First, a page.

New Hope’s expansion plans

Posted June 15, 2015

NewAclandMine

Leon Richardson overlooks the New Acland operation. Photo: Nadine Shaw

New Hope is a miner on the march, snapping up a raft of Surat Basin thermal coal tenements recently to create a project package with a resource of more than one billion tonnes.

While the group still has an eye on further coal acquisition opportunities, its immediate priority is on gaining approval for the Stage 3 development of the New Acland mine, north-west of Oakey on the Darling Downs.

“The new government in Queensland is currently reviewing the ’approval processes’ of the next stage of the Acland development as per their election promise. We have not been given a timeframe,” New Hope Group chief operating officer Bruce Denney said.

That development would provide a $530 million injection into the south-east Queensland economy annually and a boost of $12 billion to the local, state and national economies over the life of the mine, Mr Denney said.

New Hope late last year acquired Cockatoo Coal’s stake in the Taroom, Collingwood and Woori thermal coal deposits for $25 million and in February also agreed to acquire Mitsui’s 49 per cent interest in the projects on similar terms.

Mr Denney described the acquisition as a long-term strategic investment in large-tonnage, low-ash open-cut thermal coal.

In combination with New Hope’s Elimatta project, the North Surat package contains total resources of more than one billion tonnes in the Wandoan area.

Mr Denney said their development timeframe was likely to be more than five years away.

“We have always adopted a long-term view on acquisitions and will continue to do so,” he said.

“It would be fair to say that, at the moment, our focus is on either adding additional near-term coal production capacity, or complementing our existing portfolio of longer-term development projects.”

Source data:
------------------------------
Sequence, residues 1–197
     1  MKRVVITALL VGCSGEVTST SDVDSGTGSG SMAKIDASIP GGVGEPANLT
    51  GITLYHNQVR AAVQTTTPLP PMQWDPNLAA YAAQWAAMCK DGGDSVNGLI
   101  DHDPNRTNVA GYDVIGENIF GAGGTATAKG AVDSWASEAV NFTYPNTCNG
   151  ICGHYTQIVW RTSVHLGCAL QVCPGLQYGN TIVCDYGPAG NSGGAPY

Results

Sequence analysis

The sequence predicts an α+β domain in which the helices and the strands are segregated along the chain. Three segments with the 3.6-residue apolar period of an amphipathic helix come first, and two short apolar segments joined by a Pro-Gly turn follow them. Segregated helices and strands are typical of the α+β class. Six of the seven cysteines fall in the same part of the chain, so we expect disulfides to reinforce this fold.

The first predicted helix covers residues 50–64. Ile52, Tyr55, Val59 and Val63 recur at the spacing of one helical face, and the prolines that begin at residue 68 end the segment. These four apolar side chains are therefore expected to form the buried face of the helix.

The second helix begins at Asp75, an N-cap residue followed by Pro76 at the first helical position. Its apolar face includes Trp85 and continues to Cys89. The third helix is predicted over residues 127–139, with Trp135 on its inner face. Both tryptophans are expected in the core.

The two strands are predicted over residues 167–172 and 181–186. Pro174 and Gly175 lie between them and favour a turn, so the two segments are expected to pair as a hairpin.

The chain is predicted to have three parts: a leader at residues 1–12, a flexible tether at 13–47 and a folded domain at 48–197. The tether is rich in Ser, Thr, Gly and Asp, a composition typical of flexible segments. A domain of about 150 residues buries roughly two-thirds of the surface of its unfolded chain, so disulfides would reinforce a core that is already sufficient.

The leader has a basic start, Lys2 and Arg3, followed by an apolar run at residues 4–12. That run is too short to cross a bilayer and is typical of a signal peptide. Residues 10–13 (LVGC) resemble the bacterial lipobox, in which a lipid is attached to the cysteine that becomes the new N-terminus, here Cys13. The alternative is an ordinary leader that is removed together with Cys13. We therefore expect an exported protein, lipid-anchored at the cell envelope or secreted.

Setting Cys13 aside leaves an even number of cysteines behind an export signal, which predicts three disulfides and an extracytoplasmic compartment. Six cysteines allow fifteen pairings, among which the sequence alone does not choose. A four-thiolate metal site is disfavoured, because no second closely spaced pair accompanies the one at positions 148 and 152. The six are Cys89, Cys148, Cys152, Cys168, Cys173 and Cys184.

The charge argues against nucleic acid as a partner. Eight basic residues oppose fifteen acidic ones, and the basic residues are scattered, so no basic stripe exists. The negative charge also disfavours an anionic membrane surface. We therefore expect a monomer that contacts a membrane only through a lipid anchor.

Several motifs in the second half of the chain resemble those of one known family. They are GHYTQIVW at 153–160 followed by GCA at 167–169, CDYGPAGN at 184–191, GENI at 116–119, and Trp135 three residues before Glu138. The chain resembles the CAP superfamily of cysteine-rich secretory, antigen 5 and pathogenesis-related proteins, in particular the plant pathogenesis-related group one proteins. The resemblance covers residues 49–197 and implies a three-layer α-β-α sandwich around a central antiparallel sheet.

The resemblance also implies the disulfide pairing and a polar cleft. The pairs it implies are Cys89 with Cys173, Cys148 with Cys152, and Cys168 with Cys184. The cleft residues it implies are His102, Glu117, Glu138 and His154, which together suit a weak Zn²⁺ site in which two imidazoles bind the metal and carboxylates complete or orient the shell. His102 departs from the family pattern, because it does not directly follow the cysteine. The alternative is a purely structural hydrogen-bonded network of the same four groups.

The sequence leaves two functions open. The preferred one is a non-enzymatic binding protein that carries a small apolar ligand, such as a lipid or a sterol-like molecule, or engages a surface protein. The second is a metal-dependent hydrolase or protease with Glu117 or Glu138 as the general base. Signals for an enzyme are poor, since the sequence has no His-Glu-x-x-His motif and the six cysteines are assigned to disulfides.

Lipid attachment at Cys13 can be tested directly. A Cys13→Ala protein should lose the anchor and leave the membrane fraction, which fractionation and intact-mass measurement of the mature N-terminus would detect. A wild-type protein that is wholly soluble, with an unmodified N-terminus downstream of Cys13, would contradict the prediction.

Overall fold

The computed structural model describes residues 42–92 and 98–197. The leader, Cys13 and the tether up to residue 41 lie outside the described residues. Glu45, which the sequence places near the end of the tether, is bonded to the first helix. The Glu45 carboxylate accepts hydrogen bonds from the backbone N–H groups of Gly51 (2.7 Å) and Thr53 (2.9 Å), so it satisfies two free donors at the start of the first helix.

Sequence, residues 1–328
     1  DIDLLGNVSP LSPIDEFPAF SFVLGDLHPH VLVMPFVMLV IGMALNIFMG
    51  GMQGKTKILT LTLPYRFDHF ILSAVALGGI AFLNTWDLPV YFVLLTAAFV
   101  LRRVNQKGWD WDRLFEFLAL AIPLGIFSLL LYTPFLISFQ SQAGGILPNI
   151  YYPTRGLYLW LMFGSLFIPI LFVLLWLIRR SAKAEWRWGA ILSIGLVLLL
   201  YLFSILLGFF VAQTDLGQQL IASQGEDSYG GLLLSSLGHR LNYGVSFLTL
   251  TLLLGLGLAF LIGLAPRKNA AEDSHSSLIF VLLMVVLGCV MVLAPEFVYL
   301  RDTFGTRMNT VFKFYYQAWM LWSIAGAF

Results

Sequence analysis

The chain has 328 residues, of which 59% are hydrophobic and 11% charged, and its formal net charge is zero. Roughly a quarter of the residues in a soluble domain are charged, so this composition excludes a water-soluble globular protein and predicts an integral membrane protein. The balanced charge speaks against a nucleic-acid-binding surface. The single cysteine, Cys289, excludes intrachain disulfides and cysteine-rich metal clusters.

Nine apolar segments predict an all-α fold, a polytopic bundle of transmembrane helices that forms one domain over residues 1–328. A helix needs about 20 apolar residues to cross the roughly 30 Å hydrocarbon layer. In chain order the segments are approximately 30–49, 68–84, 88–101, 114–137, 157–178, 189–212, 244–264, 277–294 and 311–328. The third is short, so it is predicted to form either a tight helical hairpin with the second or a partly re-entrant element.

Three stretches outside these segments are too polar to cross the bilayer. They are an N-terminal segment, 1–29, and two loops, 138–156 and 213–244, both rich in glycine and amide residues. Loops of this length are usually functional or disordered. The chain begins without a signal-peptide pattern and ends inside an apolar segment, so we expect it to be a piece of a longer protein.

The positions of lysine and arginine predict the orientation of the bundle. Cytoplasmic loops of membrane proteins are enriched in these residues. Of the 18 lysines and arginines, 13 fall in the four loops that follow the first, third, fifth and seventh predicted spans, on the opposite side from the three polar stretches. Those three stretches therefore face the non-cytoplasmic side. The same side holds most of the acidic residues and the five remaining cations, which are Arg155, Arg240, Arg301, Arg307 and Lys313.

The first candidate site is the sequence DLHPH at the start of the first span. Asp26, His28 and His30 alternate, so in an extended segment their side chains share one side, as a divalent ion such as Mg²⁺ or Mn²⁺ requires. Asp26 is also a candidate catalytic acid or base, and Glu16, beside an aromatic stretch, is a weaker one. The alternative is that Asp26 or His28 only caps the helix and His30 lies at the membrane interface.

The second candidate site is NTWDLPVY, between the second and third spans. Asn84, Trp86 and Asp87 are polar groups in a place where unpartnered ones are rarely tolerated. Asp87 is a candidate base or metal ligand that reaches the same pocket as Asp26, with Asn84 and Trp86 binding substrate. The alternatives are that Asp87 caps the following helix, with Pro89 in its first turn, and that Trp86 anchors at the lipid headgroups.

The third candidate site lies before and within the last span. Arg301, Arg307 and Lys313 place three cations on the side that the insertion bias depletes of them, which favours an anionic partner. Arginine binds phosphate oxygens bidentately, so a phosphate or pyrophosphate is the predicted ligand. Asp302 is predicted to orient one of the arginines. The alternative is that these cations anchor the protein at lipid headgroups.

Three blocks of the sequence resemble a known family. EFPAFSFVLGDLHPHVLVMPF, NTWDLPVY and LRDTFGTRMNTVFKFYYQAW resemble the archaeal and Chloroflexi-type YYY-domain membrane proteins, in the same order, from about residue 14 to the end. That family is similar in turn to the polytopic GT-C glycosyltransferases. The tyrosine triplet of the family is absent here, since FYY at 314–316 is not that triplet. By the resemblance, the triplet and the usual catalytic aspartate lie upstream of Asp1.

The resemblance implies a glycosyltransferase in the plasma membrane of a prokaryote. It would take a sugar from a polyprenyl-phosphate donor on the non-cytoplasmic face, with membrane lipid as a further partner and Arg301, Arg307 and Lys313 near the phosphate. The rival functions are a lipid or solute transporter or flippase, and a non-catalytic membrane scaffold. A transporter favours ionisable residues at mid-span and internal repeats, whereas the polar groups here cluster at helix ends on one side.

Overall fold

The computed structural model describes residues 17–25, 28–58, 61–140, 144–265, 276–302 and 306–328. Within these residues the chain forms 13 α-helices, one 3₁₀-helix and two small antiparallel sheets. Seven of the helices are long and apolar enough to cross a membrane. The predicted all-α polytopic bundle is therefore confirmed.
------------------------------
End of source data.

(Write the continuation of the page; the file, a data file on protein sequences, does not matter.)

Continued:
New Hope had been very well managed said resource analyst Gavin Wendt, the founder of MineLife,.

“Whereas other companies have had their ups and downs in the sector, New Hope has performed very strongly…and they have also been very astute in terms of their growth ambition,” Mr Wendt said.

“Not only have they identified high-quality growth opportunities, but they haven’t overpaid for them - they’ve taken advantage of market weakness, poor market sentiment to make those acquisitions.”

Mr Denney pointed to a range of factors that had left New Hope well placed to make such strategic acquisitions while other companies were shedding assets, including significant cash reserves and lack of debt.

And he said the company’s diversification of earnings, low cost of production and strong financial position meant it was well placed continue to weather current market conditions

New Hope had implemented further efficiencies at its New Acland and West Moreton operations, he said.

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